* Raw sugar volume more than double the average
* Arabica open interest falls from record high
* Cocoa trade eyes next week’s grind data (Rewrites paragraph 1, updates prices; adds broker comment, second byline, NEW YORK dateline)
By Marcy Nicholson and David Brough
NEW YORK/LONDON, April 7 (Reuters) - Raw sugar futures on ICE rallied on Tuesday, turning higher on heavy May/July spreading and concern that nearby supplies may be tightening, while the rallying U.S. dollar pushed arabica coffee futures down from a six-week high.
New York cocoa fell on pressure from the strong U.S. dollar , breaking a four-day streak higher.
The ICE Futures Europe markets reopened after shutting for a four-day long Easter weekend.
Raw sugar futures turned higher on a lack of follow-through selling, traders said.
May raw sugar futures on ICE settled up 0.23 cent, or 1.8 percent, at 12.77 cents a lb. Total volume exceeded 216,000 lots, more than double the 250-day average, preliminary Thomson Reuters data showed.
“There is the perception that there’s not much to deliver against the May. The (Brazil) centrals basically were absorbed with their delivery against March,” said Michael McDougall, director of commodities for Societe Generale in New York.
“The Thais are too expensive at this point and Brazil is just starting their harvest, so there’s not much availability there.”
Total raw sugar futures open interest rose by nearly 3,400 lots to 928,109 lots as the market fell from a two-week high on Monday, exchange data showed, surprising traders who perceived this to mean new short positions were added.
May white sugar ended down 60 cents, or 0.2 percent, at $359.60 per tonne.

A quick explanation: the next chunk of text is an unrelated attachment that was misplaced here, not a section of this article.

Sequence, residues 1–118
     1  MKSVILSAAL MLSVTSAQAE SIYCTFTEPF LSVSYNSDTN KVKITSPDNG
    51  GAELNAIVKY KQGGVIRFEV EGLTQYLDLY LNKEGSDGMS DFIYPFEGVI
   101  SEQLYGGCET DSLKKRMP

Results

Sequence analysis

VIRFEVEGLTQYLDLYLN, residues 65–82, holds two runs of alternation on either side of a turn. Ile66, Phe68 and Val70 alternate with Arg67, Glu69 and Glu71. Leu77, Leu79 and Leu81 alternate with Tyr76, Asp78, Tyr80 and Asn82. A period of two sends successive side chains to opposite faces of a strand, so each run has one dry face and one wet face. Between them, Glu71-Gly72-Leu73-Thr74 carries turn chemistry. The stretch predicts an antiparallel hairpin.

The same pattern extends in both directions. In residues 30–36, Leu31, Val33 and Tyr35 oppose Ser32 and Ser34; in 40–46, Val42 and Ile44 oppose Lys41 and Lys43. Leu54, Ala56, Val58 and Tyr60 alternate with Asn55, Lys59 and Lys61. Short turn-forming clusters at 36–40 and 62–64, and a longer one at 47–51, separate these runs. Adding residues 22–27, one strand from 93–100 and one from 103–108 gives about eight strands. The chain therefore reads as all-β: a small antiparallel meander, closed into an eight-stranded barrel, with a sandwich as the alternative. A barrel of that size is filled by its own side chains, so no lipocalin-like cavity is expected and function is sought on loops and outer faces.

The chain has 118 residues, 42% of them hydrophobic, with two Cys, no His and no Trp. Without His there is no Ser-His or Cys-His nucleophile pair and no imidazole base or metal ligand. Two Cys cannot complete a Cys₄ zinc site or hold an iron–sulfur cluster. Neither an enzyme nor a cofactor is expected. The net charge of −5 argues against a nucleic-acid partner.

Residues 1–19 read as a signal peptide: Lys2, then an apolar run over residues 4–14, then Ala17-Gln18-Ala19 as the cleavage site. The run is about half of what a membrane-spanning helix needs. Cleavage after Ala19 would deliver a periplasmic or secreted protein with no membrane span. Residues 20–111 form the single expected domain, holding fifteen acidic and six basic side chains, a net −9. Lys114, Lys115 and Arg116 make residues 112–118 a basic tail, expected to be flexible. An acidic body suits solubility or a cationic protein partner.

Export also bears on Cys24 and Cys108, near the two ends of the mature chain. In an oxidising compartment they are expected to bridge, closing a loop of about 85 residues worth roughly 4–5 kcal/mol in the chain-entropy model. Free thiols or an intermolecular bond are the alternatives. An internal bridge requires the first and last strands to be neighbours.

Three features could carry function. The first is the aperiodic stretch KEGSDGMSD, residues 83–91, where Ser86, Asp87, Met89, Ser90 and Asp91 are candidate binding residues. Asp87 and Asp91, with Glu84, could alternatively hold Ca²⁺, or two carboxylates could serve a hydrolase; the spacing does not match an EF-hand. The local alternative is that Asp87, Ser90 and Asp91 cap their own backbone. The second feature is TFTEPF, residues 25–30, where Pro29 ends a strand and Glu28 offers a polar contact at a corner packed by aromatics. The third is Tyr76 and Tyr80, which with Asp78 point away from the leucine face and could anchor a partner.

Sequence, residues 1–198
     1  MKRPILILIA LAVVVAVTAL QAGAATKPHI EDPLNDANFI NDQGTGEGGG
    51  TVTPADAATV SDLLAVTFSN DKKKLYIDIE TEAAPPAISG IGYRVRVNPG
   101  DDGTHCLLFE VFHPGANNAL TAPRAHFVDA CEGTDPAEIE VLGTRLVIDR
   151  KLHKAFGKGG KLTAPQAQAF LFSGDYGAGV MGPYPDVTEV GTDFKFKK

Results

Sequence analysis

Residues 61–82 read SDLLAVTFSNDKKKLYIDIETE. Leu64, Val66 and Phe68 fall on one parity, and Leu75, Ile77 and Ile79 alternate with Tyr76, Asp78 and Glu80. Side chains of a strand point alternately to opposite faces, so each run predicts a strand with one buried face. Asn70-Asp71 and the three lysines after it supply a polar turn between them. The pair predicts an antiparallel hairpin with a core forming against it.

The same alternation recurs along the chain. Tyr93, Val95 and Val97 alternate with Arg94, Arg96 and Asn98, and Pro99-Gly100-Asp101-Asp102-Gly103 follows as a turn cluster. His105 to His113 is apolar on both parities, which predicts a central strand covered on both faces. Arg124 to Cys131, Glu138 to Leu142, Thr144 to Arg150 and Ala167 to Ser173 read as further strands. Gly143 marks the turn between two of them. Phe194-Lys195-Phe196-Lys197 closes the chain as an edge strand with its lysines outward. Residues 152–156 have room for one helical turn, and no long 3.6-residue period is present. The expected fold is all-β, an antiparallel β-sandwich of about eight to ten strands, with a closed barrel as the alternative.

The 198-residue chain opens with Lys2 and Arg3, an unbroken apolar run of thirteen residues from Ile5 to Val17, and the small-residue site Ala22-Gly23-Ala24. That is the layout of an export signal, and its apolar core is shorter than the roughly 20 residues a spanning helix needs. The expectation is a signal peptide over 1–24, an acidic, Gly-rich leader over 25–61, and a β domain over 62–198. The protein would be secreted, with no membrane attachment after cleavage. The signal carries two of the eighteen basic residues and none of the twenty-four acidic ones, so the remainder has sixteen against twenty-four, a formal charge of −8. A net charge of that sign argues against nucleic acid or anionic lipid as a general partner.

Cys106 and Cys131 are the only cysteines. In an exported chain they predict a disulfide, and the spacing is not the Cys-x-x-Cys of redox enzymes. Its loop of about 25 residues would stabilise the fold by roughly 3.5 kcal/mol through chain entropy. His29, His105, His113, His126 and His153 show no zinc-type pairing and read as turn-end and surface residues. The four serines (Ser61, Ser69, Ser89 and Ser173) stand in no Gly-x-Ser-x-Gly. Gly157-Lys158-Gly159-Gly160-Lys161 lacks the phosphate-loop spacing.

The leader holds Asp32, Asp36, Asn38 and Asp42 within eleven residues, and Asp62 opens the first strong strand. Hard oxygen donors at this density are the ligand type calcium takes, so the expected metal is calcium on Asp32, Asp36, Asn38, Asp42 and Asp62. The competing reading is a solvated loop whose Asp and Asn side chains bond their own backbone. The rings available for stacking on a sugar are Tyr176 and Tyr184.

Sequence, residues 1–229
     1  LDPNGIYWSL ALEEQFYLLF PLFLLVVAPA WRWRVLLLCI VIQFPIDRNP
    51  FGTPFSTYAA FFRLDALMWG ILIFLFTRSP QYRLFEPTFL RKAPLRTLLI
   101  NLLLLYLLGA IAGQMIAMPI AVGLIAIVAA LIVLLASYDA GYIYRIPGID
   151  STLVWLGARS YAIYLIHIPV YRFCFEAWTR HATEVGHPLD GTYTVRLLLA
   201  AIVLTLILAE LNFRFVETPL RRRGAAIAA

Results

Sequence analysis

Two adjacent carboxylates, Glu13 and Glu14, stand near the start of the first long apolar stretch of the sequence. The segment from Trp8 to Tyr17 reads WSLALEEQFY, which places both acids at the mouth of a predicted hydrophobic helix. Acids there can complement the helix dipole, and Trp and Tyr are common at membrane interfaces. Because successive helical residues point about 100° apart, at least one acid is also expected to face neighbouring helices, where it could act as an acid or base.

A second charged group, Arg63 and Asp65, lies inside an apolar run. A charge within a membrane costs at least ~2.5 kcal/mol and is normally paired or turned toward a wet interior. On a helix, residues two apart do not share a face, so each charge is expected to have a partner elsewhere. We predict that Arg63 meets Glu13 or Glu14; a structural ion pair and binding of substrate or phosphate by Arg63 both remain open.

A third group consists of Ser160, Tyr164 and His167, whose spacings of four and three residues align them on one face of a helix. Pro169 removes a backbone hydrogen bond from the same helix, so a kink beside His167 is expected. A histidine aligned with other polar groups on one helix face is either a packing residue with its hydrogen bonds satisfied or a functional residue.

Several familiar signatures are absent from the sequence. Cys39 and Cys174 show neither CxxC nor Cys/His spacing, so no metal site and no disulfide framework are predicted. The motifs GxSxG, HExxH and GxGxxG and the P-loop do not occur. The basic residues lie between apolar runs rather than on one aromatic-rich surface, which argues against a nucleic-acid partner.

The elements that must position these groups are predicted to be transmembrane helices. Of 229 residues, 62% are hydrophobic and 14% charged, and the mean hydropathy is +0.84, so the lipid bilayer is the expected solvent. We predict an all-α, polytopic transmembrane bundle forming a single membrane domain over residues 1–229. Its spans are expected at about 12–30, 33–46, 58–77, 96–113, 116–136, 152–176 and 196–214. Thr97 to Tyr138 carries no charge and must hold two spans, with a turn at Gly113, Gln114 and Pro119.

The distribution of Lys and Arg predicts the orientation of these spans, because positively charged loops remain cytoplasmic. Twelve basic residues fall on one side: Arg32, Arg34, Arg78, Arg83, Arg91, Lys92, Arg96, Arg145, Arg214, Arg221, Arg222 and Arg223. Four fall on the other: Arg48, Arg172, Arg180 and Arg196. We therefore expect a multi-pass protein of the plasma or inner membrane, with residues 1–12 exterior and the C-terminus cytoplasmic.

The strong dollar attracted heavy selling to arabica futures, taking the market below Monday’s six-week high, traders said.
May arabica closed down 4.25 cents, or 2.9 percent, at $1.4195 per lb. This took it below a six-week high at $1.4735 reached on Monday, when open interest fell 7,646 lots from the April 2 record high at 207,254 lots, exchange data showed, indicating the rally was due to heavy short-covering.
London May robusta coffee futures finished up $28, or 1.6 percent, at $1,806 per tonne in thin volume.
New York cocoa edged down in heavy volumes, pressured by the dollar.
“Arbitrage activity is quiet. The cocoa market is beginning to turn its attention to European grinds (demand) data expected next week,” a London-based broker said.
New York May cocoa futures closed down $15, or 0.5 percent, at $2,785 a tonne, while London May cocoa ended up 3 pounds, or 0.2 percent, at 1,942 pounds per tonne.
North American grind data will be released April 16. (Editing by Ruth Pitchford, Dale Hudson and James Dalgleish)